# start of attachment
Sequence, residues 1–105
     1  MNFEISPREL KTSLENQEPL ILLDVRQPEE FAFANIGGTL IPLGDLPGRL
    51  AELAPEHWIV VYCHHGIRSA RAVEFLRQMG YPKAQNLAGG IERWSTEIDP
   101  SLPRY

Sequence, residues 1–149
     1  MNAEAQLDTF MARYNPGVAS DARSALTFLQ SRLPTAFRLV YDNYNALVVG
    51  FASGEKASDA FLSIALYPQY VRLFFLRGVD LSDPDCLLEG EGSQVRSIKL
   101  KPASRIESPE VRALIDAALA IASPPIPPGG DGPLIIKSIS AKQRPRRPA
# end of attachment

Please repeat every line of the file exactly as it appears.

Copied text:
Sequence, residues 1–105
     1  MNFEISPREL KTSLENQEPL ILLDVRQPEE FAFANIGGTL IPLGDLPGRL
    51  AELAPEHWIV VYCHHGIRSA RAVEFLRQMG YPKAQNLAGG IERWSTEIDP
   101  SLPRY

Sequence, residues 1–149
     1  MNAEAQLDTF MARYNPGVAS DARSALTFLQ SRLPTAFRLV YDNYNALVVG
    51  FASGEKASDA FLSIALYPQY VRLFFLRGVD LSDPDCLLEG EGSQVRSIKL
   101  KPASRIESPE VRALIDAALA IASPPIPPGG DGPLIIKSIS AKQRPRRPA